OH, MY GOD!” EXCLAIMS PETER Westbrook. “Look at that! Un-believ-abel” Surrounding the 45-year-old fencing master are some 90 kids, 10 to 17, thrusting and parrying in their wire masks and white uniforms. In a lilting rap, Westbrook, a six-time Olympian, exhorts them to mind their footwork. “Okay, retreat. Advance! Oh, I like that, brother! Nice and light!”
It has become a cultural cliché, and often a dangerously deceptive one, that athletics has the power to rescue children from deprivation and poverty. But here, at Manhattan’s New York Fencers Club, Westbrook is spinning inspirational tales with a difference, persuading inner-city kids to take up the sport of aristocrats. Since 1987, through his nonprofit foundation, he and his staff of 12 have taught swordplay to more than 1,000 boys and girls, most of them poor and black. A radical idea? Perhaps, but Westbrook, whose autobiography, Harnessing Anger: The Way of an American Fencer, is out this month, is merely following his own example. Raised in the projects of Newark, N.J., he fenced his way into college and went on to win a bronze medal at the Los Angeles Olympics in 1984.
Thus far five of Westbrook’s pupils have won college fencing scholarships. “[He] has certainly incrementally changed lives,” says William J. Hybl, president of the U.S. Olympic Committee, which donates $35,000 a year to Westbrook’s foundation. (Westbrook, who draws no salary and lives on savings, raises $20,000 through donations.) Depending on need, pupils pay from 25 cents to $25 per semester. Westbrook also offers extensive academic tutoring, usually by local college students. Above all, though, he coaches fencers.
“I’m looking to create champions,” says Westbrook, who shares a Harlem apartment with his wife, Susann, 37, a social worker. This year, four of his athletes qualified for the U.S. Junior World Championship team. One of them, Akhnaten Spencer-El, 17, was street-fighting in Harlem before he took up the saber. Friends once mocked his sport as “wimpy,” but lately they’ve started to envy him. “Now that they see all this publicity I’m getting,” he reports, “they’re like, ‘Wow! I want to do it too!’ ” Few Westbrook protégés make the elite ranks, but most learn life lessons, some of them painful. “In fencing you lose a lot,” says the coach. “We tell them, ‘Stop crying; life is going to be this way.’ ” Adds Jessica Florendo, 11: “This is very hard. But I like hard.”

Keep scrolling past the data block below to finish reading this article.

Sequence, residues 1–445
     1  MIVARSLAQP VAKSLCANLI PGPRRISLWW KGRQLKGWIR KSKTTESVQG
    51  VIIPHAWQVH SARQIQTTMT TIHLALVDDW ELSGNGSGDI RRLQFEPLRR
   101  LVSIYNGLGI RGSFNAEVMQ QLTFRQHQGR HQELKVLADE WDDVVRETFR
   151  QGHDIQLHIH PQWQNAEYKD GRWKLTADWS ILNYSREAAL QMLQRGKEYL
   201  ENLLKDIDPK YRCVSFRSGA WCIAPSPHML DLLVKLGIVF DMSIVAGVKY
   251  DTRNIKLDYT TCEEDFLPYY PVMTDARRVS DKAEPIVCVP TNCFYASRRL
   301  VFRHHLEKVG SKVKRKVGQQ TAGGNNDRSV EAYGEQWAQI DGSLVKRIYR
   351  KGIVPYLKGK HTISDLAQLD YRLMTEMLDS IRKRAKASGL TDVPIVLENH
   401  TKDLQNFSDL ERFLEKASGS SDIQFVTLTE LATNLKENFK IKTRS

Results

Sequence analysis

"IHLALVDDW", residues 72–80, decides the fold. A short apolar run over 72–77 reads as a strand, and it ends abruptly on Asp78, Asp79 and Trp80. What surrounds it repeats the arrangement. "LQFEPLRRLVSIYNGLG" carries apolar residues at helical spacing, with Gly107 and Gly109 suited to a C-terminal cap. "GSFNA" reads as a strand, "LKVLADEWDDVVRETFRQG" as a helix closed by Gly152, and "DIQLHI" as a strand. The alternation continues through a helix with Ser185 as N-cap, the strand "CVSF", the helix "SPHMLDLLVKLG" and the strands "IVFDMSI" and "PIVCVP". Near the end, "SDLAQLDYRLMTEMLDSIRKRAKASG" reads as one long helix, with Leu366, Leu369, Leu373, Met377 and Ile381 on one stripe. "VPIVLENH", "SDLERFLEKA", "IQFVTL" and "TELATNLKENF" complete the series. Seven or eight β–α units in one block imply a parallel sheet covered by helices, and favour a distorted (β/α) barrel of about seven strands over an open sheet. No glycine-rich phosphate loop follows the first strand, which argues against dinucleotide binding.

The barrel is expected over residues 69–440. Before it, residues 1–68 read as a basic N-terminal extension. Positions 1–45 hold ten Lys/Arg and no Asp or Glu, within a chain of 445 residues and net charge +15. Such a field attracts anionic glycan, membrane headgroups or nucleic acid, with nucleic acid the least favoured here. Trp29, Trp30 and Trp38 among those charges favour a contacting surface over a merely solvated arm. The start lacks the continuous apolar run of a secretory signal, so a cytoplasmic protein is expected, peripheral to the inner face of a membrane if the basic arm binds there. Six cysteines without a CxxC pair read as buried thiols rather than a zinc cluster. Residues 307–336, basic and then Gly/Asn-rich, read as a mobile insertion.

Peter Westbrook knows hard. His African-American father, Ulysses, was an Army corporal stationed in Kobe, Japan, when he married Mariko Wada. They came to St. Louis, where Peter and his sister Vivian were born, settled in Newark, then split when Peter was 3. Neighbors taunted the struggling, mixed-race family mercilessly, but Mariko stressed stoicism. “I was raised militaristically,” says Westbrook. “When people used to tease me, she yelled, ‘Don’t cry! Always be strong!’ When the clock rang in the morning, boom! I had to get up. Being late was not an option.”
When Peter was 14, his mother learned that Essex Catholic High School had a fencing program. The genteel sport seemed an ideal diversion from Newark’s myriad corruptions, so Mariko offered her son $5 to go to a practice. “I fell in love with the sport immediately,” Westbrook says. He won a fencing scholarship to New York University, graduated in 1975 and held several corporate marketing and advertising jobs. He went on to win a record 13 national saber titles.
The idea for his foundation came to him in the late ’80s. “I wanted to give back,” he says. “I’m so grateful for what God has given me.” But not even Westbrook could escape the pain of urban violence. While riding a Newark bus three winters ago, Mariko admonished a young mother for not bundling her child against the cold. Incensed, the woman kicked her out the door. Mariko’s head struck the pavement, and she fell into a coma. Four days later, she died. “I never knew what sadness meant,” Westbrook says of his loss.
His mother’s $5 is still paying dividends at the Fencers Club, where, well into Westbrook’s lesson, a straggler slinks in, trying to escape his notice. But tardiness is still no option. “My brother!” shouts Westbrook. “Give me 10 pushups, you’re LATE!” Turning to the class, he takes up his patter. “You see, you gotta have good footwork, because you can’t go nowhere, you can’t fight with anybody, unless you have good footwork. It’s im-possible. You can’t do nothing without good footwork—you know that?”
NANCY MATSUMOTO in New York City